He lauded Sen. Orrin Hatch, R-Utah, whose staff contacted him upon learning that Sen. Ted Kennedy, D-Mass., had cancer. "They called me and asked me to say a Mass for Ted Kennedy," which he did in a gathering that included several local business people and politicians.
The bishop said he was shocked when Hatch called him later that day to thank him, noting he was impressed by "the friendship and support between the two of them, though they are political rivals."
Elsewhere around the globe -- where it isn't campaign season -- the Nigerian bishops closed their plenary last week with a call for the nation's government to take "urgent" action on the country's socio-economic difficulties, highlighting "constant power failure, armed robbery, kidnappings [and] neglect of the agricultural sector" as aspects of particular concern.
And Down Under in Oz, the bench sought to call attention to "the challenge of affluence and poverty" beneath the Southern Cross:
Australia is a rich country in many ways. It has experienced spectacular economic growth and prosperity in recent years, and increasingly our international economic status has become a symbol of our national identity. Yet in Australia there are many who are wealthy, but live in spiritual poverty, and there are those who have been bypassed by the economic growth and live in material poverty.And back here at home, the cry of the poor was sounded yesterday on Capitol Hill.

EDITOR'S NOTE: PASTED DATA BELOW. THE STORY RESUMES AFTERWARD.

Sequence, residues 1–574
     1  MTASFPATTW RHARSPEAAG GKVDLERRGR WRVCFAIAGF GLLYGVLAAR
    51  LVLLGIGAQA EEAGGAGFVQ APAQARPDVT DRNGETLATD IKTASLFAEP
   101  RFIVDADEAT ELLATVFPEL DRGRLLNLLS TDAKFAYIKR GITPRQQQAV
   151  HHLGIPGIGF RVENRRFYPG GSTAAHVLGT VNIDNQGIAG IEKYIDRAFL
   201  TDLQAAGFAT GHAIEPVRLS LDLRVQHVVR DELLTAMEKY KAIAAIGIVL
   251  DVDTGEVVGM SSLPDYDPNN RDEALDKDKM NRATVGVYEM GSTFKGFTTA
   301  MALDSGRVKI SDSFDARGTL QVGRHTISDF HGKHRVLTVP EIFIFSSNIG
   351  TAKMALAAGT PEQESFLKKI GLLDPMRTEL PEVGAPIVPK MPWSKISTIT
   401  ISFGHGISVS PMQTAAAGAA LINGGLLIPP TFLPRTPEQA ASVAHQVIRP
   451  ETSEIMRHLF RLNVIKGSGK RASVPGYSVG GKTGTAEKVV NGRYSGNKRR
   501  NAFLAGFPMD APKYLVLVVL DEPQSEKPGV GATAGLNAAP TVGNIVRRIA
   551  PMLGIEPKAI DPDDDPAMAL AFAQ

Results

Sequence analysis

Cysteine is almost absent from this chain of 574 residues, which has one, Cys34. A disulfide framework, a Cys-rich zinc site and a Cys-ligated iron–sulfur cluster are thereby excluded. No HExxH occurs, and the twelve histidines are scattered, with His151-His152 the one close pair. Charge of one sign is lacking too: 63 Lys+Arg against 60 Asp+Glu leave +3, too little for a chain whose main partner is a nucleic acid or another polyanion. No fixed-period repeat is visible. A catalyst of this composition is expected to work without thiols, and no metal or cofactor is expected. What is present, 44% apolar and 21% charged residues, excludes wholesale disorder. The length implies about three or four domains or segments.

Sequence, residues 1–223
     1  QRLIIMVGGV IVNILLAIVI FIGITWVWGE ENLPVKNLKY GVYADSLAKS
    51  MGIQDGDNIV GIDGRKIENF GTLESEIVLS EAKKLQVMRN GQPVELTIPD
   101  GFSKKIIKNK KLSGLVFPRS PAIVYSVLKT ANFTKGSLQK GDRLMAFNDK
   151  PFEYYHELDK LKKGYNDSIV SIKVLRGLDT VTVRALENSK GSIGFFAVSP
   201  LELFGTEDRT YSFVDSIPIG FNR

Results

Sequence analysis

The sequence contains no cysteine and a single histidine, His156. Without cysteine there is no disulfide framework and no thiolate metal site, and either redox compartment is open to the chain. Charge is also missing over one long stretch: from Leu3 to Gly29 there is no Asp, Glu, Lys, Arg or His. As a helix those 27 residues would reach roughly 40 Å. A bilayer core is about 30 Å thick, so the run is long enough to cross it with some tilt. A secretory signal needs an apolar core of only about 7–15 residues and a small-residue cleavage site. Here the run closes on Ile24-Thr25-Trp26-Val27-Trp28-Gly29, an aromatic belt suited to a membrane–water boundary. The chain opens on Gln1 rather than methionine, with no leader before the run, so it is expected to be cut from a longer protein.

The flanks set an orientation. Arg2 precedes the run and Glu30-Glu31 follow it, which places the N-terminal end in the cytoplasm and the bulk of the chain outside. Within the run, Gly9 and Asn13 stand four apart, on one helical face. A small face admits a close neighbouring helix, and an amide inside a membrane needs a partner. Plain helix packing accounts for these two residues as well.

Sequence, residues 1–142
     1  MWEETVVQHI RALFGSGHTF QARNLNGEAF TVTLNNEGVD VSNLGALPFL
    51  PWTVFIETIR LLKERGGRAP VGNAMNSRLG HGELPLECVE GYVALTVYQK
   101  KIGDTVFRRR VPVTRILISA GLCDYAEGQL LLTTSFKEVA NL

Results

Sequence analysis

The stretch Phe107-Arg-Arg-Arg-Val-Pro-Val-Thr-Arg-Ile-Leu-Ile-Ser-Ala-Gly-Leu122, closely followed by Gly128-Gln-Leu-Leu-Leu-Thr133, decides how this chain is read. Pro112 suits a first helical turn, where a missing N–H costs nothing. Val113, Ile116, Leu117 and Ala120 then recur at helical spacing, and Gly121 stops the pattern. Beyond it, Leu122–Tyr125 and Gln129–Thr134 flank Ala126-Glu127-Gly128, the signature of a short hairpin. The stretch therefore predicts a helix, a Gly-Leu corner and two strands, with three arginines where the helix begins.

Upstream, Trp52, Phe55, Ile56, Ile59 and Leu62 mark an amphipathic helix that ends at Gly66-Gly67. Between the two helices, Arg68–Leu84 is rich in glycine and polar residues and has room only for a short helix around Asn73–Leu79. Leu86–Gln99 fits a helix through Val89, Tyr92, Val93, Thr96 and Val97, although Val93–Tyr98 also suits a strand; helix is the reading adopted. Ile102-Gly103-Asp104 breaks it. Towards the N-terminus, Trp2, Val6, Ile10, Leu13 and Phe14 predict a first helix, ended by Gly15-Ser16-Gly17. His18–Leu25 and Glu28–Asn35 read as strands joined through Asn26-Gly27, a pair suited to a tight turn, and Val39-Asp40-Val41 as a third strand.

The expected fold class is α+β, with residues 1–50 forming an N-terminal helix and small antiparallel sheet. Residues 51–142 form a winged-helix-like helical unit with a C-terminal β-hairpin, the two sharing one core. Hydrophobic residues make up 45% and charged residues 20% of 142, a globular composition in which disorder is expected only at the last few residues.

The challenge that Jesus presented to the rich young man in the Gospel of Mark (10:17–22) is the same we face in Australia today. Will we use our great wealth for the benefit of all and particularly for those who have been denied the benefits of prosperity? Will we act on the challenge Jesus offers, or will we too go away shocked at the challenge before us?...
In 1992, towards the end of the last global recession, the Catholic Bishops of Australia warned of higher levels of serious poverty, unemployment and homelessness, and of the emergence of an underclass of gravely disadvantaged people. Now, the Bishops are renewing that call for justice for those afflicted by poverty in our affluent society. Some who are particularly vulnerable include Indigenous families and communities, single-parent families, low-paid workers, refugees and people who are homeless.
It is important that together we face the reality of poverty in Australia and seek ways to address it, however difficult that may be at a personal or societal level. As individual citizens, as families, parishes and as local communities, we can take the initiative to reach out to our brothers and sisters in need and be enriched by what follows. For in welcoming the poor, the outcast and the stranger in need, we welcome the living Christ, our God and our Creator into our hearts and our lives.
The common thread all these share? The dignity of the human person... and the teaching of Christ.